Four-year-old Hong Kong girl’s ‘rare’ cardiac arrest after receiving stitches sparks hospital probe


By Jess Ma

Medical experts are looking into what caused a four-year-old girl to suffer a cardiac arrest after she received stitches for a head wound, Hong Kong hospital authorities have said.

Dr Desmond Nguyen, deputising chief executive of Kowloon West hospitals, described the incident as “rare” but said he had asked medical experts to find out why the girl fell unconscious and why her heart stopped after Saturday’s procedure, leaving her in a critical condition.

“We have arranged medical and accidents and emergency specialists to examine all procedures in the incident,” he said on Tuesday.

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“At the same time, we will try to understand the four-year-old’s condition from multiple aspects, including underlying diseases that could have caused or are relevant to the cardiac arrest.”

Dr Desmond Nguyen. Photo: Elson Li

Dr Ian Cheung, chief executive of Yan Chai Hospital, where the girl was treated for the head wound sustained from a fall at home, said “no procedural error has been identified yet”.

Cheung said the girl was first brought to the hospital on Saturday evening with a 2cm cut at the back of her head and a slight fever.

The patient, accompanied by her father, waited for an hour before she was seen by a doctor, and received three stitches in a three-minute procedure ending at 11.31pm.

“At 11.28pm, after the first stitch, the girl was struggling and crying. Our patient care assistant then used her hands to stabilise the patient’s head,” Cheung said.

The assistant and a nurse later discovered the girl had lost consciousness after the procedure and her heart had stopped. They performed first aid on her immediately to try and revive her.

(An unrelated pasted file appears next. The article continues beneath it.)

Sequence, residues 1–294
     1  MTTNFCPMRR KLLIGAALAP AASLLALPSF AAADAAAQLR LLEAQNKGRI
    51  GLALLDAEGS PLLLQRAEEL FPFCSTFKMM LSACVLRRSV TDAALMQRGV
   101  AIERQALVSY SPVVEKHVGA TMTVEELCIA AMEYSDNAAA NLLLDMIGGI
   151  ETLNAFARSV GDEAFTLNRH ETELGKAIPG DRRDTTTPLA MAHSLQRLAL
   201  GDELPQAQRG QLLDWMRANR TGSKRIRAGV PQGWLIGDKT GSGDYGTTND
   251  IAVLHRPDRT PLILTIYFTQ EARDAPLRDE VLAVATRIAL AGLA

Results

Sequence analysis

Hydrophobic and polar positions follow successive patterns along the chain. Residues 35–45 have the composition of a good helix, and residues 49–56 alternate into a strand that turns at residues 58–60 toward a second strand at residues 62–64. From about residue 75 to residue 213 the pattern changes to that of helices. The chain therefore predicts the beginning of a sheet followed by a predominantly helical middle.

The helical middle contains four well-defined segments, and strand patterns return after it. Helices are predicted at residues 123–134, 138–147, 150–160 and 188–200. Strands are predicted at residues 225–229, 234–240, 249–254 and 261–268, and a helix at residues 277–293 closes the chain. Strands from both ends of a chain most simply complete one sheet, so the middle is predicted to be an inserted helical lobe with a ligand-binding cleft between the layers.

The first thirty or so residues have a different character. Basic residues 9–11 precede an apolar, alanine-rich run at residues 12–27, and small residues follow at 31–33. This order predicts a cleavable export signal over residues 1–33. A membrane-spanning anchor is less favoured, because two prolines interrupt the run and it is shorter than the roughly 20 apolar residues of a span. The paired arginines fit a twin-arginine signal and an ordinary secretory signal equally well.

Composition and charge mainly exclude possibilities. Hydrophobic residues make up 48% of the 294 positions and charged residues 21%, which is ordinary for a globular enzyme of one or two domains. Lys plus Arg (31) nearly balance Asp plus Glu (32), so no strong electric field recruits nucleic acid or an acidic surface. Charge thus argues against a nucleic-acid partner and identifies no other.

At 11.49pm, the girl’s heart began to beat again. But Cheung said for a healthy child with no pre-existing heart problems, the 18 minutes it took was “slower than expected”.

Doctors later took X-rays of her lungs and brain, which did not show abnormalities. The girl’s father was present throughout the stitching procedure.

The child was subsequently transferred to the paediatric intensive care unit at Princess Margaret Hospital in Kwai Chung for further treatment.

Dr Fong Nai-chung, chief of service at the paediatrics and adolescent medicine departments of Princess Margaret Hospital, Yan Chai Hospital and North Lantau Hospital, said the girl had been diagnosed with critical hypoxic ischemic encephalopathy – a dysfunction of the brain caused by a lack of oxygen and reduced blood flow.

The child is on a ventilator and receiving a variety of drugs for the heart, oedema and epilepsy. She is also being given antibiotics and nutrition via an intravenous drip.

“In our communication with the girl’s parents, [we learned] the patient’s physical condition was normal. She had no chronic diseases,” Fong said, adding that there were no abnormalities in the girl’s electrocardiography and ultrasound results.

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